Proposed Federal RN Ratios - What You Can Do About It
By Amy Blitchok
For years, nurses across the nation have been asking for safer staffing ratios. With tighter budgets and substantial increases in the number of patients, nurses have been working in situations that endanger both patients and themselves. Mandated staffing ratios are key addressing this issue.
However, as of 2017, California is still the only state to have a safe patient ratio law.
The first bill to mandate a safe nurse to patient ratio took effect in January 2004. For 13 years leading up to the historic bill, the California Nurses Association worked diligently to advocate and lobby for the law despite resistance from the powerful hospital industry. When the bill first passed, many within the healthcare community hoped that it would lead the way for other states to adopt similar laws.
Unfortunately, other states did not follow suit as hoped. However,with two national bills set to appear before the Senate and the House, all this may change.
The Nurse Staffing Standards for Hospital Patient Safety and Quality Care Act (S.1063) (Brown) seeks to mandate nurse to patient ratios, especially in acute care situations. The act also seeks to empower nurses by obligating RNs to act in the best interest of the patient and advocate for patients without regard to bureaucratic and budgetary concerns of fear of being reprimanded for putting the patient first.
The Nurse Staffing Standards for Hospital Patient Safety and Quality Care Act (H.R.2392) (Schakowsky) also recognizes the fact that nurses are often put into difficult situations where they are pressured to care for too many patients, which results in poorer care overall. The bill seeks to remove these external pressures and allow nurses and patients to benefit from safe care ratios. In addition, the bill is designed to clearly dictate that nurses should always put the well-being of the patient above all other concerns.
It comes as a surprise to many that these common-sense mandates have not already been written into law. The legal protection they provide for both nurses and patients surely increases the quality of care.
Thus far, the hospital industry has been able to successfully block any regulations that may affect their bottom line. Both the current Senate and House bills are closely modeled after California’s law and are the most promising development in the fight for safe staff to patient ratios. Many national nursing organizations are working to garner support for the bills and mobilize their members to contact their representatives.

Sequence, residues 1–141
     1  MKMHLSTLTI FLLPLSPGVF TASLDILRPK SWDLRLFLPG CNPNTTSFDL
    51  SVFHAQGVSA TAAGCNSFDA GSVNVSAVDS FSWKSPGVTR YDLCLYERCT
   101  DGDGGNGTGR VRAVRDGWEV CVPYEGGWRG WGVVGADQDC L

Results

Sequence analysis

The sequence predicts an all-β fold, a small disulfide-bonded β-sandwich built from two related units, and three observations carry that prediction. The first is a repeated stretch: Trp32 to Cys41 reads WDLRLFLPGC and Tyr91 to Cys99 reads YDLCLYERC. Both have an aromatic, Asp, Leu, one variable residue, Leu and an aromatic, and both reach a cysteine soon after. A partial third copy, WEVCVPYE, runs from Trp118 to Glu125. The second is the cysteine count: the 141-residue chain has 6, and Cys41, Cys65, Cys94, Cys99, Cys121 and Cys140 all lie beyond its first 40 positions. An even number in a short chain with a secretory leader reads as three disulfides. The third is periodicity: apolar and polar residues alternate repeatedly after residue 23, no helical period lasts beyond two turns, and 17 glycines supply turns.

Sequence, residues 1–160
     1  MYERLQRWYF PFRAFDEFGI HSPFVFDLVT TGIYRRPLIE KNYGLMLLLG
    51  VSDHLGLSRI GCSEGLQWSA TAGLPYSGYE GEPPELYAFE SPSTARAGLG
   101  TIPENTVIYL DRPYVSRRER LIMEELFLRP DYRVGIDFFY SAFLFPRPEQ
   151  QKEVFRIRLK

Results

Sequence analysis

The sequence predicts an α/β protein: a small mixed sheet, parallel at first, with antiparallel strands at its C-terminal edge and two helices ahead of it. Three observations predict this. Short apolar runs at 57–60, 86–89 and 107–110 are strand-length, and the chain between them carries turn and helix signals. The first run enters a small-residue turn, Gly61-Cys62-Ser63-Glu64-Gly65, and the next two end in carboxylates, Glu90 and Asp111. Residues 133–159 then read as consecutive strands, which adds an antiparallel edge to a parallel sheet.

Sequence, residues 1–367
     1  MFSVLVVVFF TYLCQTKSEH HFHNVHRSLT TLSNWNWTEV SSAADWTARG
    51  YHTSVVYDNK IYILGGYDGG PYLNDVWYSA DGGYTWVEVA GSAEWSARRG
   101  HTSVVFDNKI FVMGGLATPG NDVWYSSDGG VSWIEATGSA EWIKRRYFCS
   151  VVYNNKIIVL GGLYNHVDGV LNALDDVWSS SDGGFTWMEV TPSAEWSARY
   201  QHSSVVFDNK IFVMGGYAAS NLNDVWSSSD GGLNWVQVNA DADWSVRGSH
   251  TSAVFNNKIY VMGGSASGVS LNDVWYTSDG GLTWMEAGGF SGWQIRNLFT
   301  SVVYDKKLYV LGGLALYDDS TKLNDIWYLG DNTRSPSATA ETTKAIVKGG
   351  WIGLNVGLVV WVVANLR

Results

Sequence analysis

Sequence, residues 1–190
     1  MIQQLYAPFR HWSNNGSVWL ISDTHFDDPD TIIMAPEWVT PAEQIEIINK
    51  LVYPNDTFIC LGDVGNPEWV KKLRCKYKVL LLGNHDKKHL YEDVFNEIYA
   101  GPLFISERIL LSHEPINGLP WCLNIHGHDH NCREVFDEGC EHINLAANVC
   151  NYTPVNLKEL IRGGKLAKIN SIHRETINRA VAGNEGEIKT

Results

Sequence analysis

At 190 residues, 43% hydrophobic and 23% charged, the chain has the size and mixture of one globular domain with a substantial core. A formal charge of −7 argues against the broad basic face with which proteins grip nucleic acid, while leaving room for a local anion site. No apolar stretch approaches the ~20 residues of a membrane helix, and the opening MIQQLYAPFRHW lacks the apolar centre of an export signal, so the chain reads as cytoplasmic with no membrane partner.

Why Safe Staffing Ratios Are So Important
Decreasing the number of patients that nurses are required to care for during the course of their shifts provides a wide range of benefits to both nurses and patients.
Unfortunately, massive cuts in nursing and hospitals budgets along with a shortage of qualified nurses has led to unsafe nurse to patient ratios. As a result, patients are at a higher risk of infection, medication errors, falls and even death. While hospitals are designed to provide a safe place for patients to receive treatment and heal, staffing shortages are undermining the very purpose of the healthcare system.
It should come as no surprise that nursing shortages and mandatory overtime are also negatively affecting individual nurses and the profession as a whole. Unsafe and stressful working conditions have caused 1 out of 5 new nurses leave the profession completely within just 12 months of earning their licensure.
In addition, 1 out of 3 nurses leave within two years of starting work. These attrition numbers are often attributed to a general sense of burnout that comes from being overworked and feeling pressured to take on more patients and responsibilities than is safe.
So far, nurses outside of California have had little support, outside of professional organizations, in combating these challenges.
What You Can Do
Helping these bills become law will not only allow nurses to more effectively practice their craft, it will also make for better patient care, helping them to avoid complications and recover faster.
There are many things you can do to support the passage of these bills. From contacting your local senators to joining nursing associations committed to this fight, you can be part of this much-needed change. You’ll find all the information you need to get started in the Nurse.org Safe Staffing Action Kit.